The National Cancer Institute Early-Stage Surgeon Scientist Program award supports efforts to understand how opiates impact the gut microbiome and possibly exacerbate cancer.
Kristin Rojas, M.D., FACS, assistant professor of surgical oncology at Sylvester Comprehensive Cancer Center and the Dewitt Daughtry Department of Surgery at the University of Miami Miller School of Medicine, has been awarded a three-year, $375,000 grant from the National Cancer Institute’s Early-Stage Surgeon Scientist Program (ESSP). With this funding, Dr. Rojas and colleagues will investigate the role opioids may play in breast cancer.
“I feel quite honored to receive this grant,” said Dr. Rojas. “This Early-Stage Surgeon Scientist Program grant is funding our efforts to study how perioperative opioids may influence breast cancer progression through the gut microbiome, and could really impact patient care.”
For several years, research conducted by Sabita Roy, Ph.D., professor in the DeWitt Daughtry Family Department of Surgery and one of Dr. Rojas’s mentors, has shown that opioids can disrupt the gut microbiome, increasing systemic inflammation and other adverse effects. Dr. Roy has also shown that chronic opioid use can make the gut wall more permeable, allowing bacteria to escape into the bloodstream. These fugitive microbes could be influencing breast and other cancers far away from the gut.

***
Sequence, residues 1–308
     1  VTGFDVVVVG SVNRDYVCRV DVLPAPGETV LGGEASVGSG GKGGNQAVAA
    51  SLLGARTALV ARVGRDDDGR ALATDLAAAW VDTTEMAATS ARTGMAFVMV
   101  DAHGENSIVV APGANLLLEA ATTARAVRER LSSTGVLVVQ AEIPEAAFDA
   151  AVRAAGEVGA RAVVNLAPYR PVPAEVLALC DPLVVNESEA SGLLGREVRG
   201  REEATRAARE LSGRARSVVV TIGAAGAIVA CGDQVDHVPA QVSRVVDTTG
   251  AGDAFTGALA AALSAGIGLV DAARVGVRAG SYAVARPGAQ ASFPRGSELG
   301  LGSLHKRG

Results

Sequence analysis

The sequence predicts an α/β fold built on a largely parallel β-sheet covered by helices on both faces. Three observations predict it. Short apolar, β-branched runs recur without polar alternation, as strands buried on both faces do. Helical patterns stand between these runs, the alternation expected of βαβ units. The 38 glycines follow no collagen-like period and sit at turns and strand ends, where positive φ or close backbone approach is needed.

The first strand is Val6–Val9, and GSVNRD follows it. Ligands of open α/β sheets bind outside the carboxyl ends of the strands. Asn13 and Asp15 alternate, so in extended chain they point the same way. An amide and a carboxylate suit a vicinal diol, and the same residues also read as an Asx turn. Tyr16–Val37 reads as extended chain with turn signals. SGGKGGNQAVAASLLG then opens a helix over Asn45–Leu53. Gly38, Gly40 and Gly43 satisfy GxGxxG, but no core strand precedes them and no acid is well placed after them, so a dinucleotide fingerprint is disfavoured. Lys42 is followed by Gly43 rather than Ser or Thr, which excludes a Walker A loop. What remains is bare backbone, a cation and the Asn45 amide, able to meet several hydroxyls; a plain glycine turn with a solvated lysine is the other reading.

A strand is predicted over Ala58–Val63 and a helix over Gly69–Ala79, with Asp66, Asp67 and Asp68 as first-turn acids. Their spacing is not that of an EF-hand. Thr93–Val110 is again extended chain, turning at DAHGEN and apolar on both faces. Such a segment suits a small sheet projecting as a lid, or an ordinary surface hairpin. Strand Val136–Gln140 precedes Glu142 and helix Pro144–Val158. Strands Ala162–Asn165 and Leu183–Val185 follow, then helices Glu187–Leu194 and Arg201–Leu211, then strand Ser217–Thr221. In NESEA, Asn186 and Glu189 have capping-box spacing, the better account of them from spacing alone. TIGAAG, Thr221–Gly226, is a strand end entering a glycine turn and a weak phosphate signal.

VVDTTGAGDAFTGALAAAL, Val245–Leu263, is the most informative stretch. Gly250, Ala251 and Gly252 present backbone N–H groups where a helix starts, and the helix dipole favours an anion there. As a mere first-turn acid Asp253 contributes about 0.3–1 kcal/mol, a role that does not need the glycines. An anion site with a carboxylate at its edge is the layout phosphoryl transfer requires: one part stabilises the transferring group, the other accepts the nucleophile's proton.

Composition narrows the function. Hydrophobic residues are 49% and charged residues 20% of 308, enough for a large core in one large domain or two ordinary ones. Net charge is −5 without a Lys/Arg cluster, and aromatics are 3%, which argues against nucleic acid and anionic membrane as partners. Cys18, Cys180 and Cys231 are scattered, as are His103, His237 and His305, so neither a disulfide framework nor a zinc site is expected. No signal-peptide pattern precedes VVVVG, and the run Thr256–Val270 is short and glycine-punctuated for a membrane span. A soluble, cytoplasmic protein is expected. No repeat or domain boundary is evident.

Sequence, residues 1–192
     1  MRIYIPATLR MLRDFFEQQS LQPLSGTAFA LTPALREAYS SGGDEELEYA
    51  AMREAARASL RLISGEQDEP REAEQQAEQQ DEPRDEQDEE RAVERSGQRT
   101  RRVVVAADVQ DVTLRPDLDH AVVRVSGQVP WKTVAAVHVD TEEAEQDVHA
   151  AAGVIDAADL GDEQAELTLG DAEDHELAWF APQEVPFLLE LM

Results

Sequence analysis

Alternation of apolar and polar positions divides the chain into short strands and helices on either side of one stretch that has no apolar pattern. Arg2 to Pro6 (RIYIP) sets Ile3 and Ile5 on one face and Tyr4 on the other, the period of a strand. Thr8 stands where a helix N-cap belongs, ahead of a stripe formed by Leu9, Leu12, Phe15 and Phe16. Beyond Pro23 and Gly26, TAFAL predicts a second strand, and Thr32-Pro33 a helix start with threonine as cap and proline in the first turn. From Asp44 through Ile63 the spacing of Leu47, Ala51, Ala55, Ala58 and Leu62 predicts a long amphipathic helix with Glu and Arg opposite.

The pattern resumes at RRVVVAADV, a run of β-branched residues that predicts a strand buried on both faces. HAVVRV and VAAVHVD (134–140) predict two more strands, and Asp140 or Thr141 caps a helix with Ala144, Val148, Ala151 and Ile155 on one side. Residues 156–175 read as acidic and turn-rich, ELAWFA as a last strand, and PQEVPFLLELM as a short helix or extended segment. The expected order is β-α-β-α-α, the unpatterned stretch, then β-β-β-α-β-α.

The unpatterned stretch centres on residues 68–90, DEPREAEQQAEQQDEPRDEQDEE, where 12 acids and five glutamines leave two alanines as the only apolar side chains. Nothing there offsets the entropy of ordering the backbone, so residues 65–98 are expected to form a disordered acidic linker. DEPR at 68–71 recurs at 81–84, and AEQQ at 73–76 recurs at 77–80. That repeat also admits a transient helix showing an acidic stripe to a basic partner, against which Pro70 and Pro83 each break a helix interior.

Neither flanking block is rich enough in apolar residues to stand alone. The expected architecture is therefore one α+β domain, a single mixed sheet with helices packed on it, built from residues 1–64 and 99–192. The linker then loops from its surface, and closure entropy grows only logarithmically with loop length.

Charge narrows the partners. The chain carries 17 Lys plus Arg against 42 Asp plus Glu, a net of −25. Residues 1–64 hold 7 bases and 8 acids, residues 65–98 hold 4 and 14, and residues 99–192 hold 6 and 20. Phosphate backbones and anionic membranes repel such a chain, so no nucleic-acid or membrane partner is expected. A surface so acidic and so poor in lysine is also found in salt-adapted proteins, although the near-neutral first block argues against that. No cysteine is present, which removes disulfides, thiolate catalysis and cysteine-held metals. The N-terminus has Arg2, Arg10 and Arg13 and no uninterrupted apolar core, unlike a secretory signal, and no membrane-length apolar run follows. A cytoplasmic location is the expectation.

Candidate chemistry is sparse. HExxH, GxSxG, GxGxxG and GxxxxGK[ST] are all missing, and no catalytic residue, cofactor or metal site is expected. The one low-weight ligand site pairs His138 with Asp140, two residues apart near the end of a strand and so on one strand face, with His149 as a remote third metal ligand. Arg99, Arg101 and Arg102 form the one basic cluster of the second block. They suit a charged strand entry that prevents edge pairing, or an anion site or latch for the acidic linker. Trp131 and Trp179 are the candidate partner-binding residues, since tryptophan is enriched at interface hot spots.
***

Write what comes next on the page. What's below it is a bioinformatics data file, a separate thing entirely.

At the same time, the ongoing opioid crisis has given surgeons and patients incentives to explore other analgesic options, both during and after surgery. As a result, breast cancer surgery patients have been subdivided into two groups — those who receive more surgical opioids and those who receive less — creating a unique opportunity to study how these drugs may impact breast cancer.
Opioids’ Effect on Gut Microbiome Composition
In 2021, the Bristol Myers Squibb Foundation and National Medical Fellowships awarded Dr. Rojas a $240,000 grant to study how opioids affect gut microbiome composition in breast cancer patients. Now she wants to take that work a step further.
“The ESSP-funded project is actually a continuation of our ongoing efforts to understand how opioids given at the time of surgery influence the gut microbiome in breast cancer patients,” said Dr. Rojas. “Now, we want to understand how opioids may dysregulate the gut microbiome to adversely influence hormone-sensitive breast cancer.”
Microbes often break down larger molecules into smaller, derivative molecules called metabolites. In a healthy microbiome, this process supports digestion and optimal health. However, a dysfunctional system can generate unhealthy metabolites that drive certain cancers or influence how patients respond to cancer treatment.
In addition to the funding, the ESSP supports additional training for Dr. Rojas, who will be working closely with Dr. Roy and Nipun Merchant, M.D., professor and associate director of translational research, on the project. Ultimately, Dr. Rojas hopes this grant will act as seed funding to provide crucial data and pave the way for more comprehensive NIH grants.
“Right now, we are only seeing the tip of the iceberg in opioids and breast cancer,” said Dr. Rojas. “By characterizing how opioid-induced changes in the gut microbiome impact cancer patients, we can eventually design interventions to prevent these adverse changes that may influence cancer outcome.”